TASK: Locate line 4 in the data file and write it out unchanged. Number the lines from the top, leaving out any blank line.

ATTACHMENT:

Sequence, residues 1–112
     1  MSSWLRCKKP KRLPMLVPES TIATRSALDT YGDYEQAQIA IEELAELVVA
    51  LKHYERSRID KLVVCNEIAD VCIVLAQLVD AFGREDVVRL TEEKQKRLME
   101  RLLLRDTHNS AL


   101  RLLLRDTHNS AL